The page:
Blog January 25, 2024

The Evolution of CISOs and Security Ratings

by Mark Weatherford, Chief Strategy Officer at the National Cybersecurity Center
by Mark Weatherford, Chief Strategy Officer at the National Cybersecurity Center

In the CISO community, security ratings are usually loved or hated—there’s rarely a middle ground. I have many friends who want nothing to do with security ratings and others that use them as part of their core strategy. This is understandable in some sense because in the early days of ratings, many CISOs were frustrated by the huge number of false positives attributed to their company when they would do an assessment.

The ratings maturity curve

As with any technology however, security ratings have grown in maturity over the past decade. And companies like Security Scorecard have evolved their technologies and scoring methodologies to address unique market needs and resolve CISO frustration with security ratings. SecurityScorecard has worked diligently to ensure that its rate for false positives is less than 1%, so that customers and non-customers alike can be confident in their security ratings. And recently, Security Scorecard unveiled the industry’s first security ratings developed exclusively for Telecommunications, Internet Service Providers, and Cloud Providers that addresses industry feedback and requests for more tailored approaches to their unique digital ecosystem.

The evolving role of the CISO

Just like security ratings, the role of the CISO has evolved to become more strategic at prioritizing threats and vulnerabilities, especially in the wake of the SEC charges against SolarWinds and their CISO for defrauding investors.

This SEC action highlights the increased scrutiny on corporate cybersecurity practices and holding C-Suite officers personally liable for gaps in those practices. CISOs have always shouldered a great deal of responsibility, but we haven’t always had the authority to go along with that responsibility. I think we are now going to see a seismic shift in how security issues and investments are prioritized, especially when the CISO presents them to an executive team or board. Things will be messy for a while—which may even create friction between the CISO and the CEO—but I believe these recent enforcement trends will be largely positive and move the industry forward.

Navigating third-party risk

SecurityScorecard’s report with the Cyentia Institute found that 98% of organizations have a relationship with at least one third party that has experienced a breach in the last two years. That’s incredibly important because third-party cyber risk has become a major cybersecurity issue, causing some of the biggest breaches in recent history—SolarWinds, Log4j, and MOVEit, just to name a few.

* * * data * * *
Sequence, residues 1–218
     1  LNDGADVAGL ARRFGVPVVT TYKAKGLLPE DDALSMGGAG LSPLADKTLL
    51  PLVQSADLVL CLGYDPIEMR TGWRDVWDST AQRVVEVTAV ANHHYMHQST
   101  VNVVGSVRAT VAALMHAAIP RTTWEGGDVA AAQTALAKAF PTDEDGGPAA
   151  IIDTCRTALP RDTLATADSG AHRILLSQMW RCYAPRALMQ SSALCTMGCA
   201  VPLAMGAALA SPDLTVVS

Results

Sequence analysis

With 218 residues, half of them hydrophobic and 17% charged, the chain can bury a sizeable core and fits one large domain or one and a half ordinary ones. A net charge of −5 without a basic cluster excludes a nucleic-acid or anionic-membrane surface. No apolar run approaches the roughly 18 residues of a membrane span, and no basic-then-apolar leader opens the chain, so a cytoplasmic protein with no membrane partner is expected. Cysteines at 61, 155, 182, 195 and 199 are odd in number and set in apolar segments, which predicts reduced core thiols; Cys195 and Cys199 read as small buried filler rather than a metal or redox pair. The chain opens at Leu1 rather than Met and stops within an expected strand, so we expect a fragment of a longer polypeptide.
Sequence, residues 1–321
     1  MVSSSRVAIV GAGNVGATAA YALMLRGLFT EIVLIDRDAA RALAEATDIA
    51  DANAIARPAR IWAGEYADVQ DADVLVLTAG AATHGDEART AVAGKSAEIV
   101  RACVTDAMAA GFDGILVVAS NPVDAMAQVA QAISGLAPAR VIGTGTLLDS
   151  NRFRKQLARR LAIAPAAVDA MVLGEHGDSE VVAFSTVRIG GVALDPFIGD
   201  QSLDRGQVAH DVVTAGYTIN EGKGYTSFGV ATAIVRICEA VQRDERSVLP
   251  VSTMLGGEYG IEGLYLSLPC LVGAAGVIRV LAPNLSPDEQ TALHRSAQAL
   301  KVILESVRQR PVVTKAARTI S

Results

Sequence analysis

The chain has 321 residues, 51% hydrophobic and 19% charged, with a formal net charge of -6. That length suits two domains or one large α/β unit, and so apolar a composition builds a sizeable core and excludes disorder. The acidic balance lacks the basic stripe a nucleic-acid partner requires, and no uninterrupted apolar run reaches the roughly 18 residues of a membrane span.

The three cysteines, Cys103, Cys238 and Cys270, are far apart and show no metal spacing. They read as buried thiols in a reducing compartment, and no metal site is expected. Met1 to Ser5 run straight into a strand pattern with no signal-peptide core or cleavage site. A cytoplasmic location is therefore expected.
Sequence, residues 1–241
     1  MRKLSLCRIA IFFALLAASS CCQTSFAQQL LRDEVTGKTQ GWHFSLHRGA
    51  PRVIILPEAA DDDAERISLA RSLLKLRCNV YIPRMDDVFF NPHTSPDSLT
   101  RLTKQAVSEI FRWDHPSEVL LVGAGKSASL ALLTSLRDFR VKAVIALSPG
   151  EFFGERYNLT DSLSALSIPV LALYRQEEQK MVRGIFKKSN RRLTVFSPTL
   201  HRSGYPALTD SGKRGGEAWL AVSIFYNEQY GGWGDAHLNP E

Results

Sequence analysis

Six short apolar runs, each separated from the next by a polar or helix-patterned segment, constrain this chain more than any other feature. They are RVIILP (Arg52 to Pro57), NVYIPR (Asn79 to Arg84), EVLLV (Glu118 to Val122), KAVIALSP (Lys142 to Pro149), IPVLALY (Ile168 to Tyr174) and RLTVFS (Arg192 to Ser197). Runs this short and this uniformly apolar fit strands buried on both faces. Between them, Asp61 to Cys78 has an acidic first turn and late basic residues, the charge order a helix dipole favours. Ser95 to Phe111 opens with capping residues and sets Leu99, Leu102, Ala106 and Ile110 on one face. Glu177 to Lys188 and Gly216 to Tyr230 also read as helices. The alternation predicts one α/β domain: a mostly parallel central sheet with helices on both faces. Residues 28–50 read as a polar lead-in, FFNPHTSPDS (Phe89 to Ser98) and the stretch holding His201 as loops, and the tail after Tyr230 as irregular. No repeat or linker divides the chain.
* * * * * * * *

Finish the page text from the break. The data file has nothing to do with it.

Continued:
Cyber criminals are evolving their techniques to undermine companies’ bottom lines and reputations, while nation states are capitalizing on geopolitical uncertainty to launch their own cyberattacks targeting critical infrastructure. We saw several massive supply chain attacks last year, whose effects will likely be reverberating well into 2024, and organizations globally must pivot accordingly. As a result, organizations must not only re-examine their own security practices, but those of their vendors and third-party suppliers as well. Staying proactive is the key to staying cyber resilient.

Speaking the same language

Last year, the White House launched its National Cyber Strategy, which promises to take a data-driven approach to cybersecurity. To that end, cybersecurity leaders across both the public and private sectors need to ensure they have trustworthy, reliable data that measures not only their cyber resilience, but the effectiveness of their cybersecurity programs. Implementing cybersecurity frameworks, such as the NIST CSF, is an excellent starting point. Frameworks can help CISOs communicate more effectively with boards and executives, by making cyber risks both tangible and understandable

Security ratings are another way to speak a common language. A standardized metric for measuring cyber health is in high demand in today’s digital landscape. Cybersecurity ratings serve as that universal measurement, by enabling board members and security practitioners to communicate effectively.

For a deeper dive into these topics, listen to my interview on the Cybercrime Magazine Podcast.


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